A trip was planned with Lesley, who had made me so welcome in her stunning shop in Tetbury after the fire at Station Mill Antiques. We would travel in convoy.
From Le Havre we drove along the north bank of the Seine as it meandered towards the sea. We crossed at the Pont de Brotonne, then down through forests that opened out into fields of lime-green shimmering barley.
The first stop for a coffee is always a pleasure after a night ferry crossing: it confirms, ah, we have arrived, we are here and there are things to buy.
Le Neubourg was all Sunday-morning-calm and swept streets. We chose a café terrace on the bright side of the main square.
The brocante with the big red sign outside was open and the older gentleman I remembered had pulled his chair into a moted pool of bright sun. “Mesdames, bonjour,” he said with a flourish and gestured for us to look around. I earmarked a pretty watercolour of flowers in a worn gold frame and a 19th century round top mirror. Getting the mirror down off the wall was a bit of an effort: Monsieur up a ladder struggling with seized screws and me with arms upstretched supporting the mirror. “This makes up for me not being at the Messe this morning,” he puffed.
Charles Trenet’s “La Mer.” Such an evocative song of summers by the sea. I clustered together a handful of faded pink lace from a basket and some balls of hemp string. These small things, next to the blue covers of the sheet music, made a lovely random composition.
Off then on straight roads due south to a large Brocante on the way to Chartres. “Bonjour, bonjour, a pleasure to see you again, would you like some coffee?” asked David. We grazed and pondered around the large hangar. An oil painting in a beautiful, dusty, faded pink frame; pewter candlesticks; 1940’s copies of Art et la Mode, with refined models in pinch-waisted couture and elegant hats; glass ware; commodes and needle point fauteuils. This was the first trip I’d made with another dealer, and it was interesting to have Lesley’s perspective on various items.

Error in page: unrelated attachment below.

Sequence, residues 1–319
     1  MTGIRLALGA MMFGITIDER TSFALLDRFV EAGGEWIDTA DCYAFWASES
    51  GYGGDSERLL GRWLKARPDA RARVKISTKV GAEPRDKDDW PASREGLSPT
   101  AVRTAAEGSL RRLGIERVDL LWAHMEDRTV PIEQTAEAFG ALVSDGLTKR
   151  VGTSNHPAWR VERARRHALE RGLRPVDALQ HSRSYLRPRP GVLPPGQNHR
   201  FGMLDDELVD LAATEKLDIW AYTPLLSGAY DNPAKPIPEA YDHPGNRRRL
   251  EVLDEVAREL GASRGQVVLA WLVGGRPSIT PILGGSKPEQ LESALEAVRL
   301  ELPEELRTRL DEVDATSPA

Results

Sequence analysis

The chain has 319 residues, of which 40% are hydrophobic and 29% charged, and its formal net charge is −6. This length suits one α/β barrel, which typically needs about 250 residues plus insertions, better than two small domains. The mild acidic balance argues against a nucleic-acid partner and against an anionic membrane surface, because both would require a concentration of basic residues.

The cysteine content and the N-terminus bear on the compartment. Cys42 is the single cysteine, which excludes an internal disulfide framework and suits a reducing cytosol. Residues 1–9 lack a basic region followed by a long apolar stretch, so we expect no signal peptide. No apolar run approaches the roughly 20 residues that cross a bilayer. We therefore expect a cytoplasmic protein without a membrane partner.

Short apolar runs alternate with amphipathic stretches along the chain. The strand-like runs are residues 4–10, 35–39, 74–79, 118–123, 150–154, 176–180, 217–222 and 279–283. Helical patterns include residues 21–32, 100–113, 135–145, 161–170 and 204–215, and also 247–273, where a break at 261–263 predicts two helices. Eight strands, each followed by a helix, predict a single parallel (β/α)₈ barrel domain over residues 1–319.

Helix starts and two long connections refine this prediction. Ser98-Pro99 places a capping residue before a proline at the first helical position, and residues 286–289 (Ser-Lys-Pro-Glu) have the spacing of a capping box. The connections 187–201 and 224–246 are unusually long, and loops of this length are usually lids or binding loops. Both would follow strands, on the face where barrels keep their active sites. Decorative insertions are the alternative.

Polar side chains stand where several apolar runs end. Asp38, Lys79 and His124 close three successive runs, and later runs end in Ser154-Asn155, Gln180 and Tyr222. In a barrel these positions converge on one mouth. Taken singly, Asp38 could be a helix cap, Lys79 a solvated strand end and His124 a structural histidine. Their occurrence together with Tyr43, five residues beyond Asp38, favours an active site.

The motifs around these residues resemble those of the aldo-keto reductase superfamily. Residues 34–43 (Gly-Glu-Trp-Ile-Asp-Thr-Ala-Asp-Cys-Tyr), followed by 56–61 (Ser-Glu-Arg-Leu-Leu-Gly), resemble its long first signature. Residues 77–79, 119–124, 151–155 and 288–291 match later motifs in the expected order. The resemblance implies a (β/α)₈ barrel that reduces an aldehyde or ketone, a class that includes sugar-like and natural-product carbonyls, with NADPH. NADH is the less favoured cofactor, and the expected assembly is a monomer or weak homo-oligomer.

David at the Brocante, always helpful and welcoming, was run off his feet. Customers wanted to know this price or that price, and he was busy phoning other dealers to find out best prices as well as fielding questions and totting up purchases. It was the day before the Chartres deballage and this Brocante made a good first call. Customers were arriving in a steady flow and the car park was filling up. American clients with containers to fill and ship home were being brought here by their couriers.
No more armoires for a while I’d told myself (I had enough in stock). But I was taken with the original grey paint of one with its blue and charcoal free hand lines. This was the day of stuck screws. The doors did not detach easily but with persistence the armoire was loaded into Sylvie and the space inside it left accessible for later filling with smaller purchases.
Hot and sticky by the end of our marathon trawl here, we continued on narrow strips of road, through tracts of farming land, with the cathedral at Chartres coming into view on the horizon in the late afternoon. We were both tired and could have settled for a quick supper at our budget hotel near the exhibition park, but Chartres was not to be passed by. We waited in a side entrance of the cathedral as Messe was ending, then, in the cool smooth marble interior, we lit a votive candle in memory of a dear woman of great courage and exquisite good taste who had died not long before.
Chartres was hosting a festival of light, and as night fell the facades of the cathedral and the Eglise Saint Pierre were picked out in surreal patterns of light, with elements from the stained glass windows moving in floating patterns across the walls. The ancient stone bridges over the Eure were bathed in colour, with jumping fish, butterflies and mermaids in luminous oranges, turquoises and yellows. We were enchanted.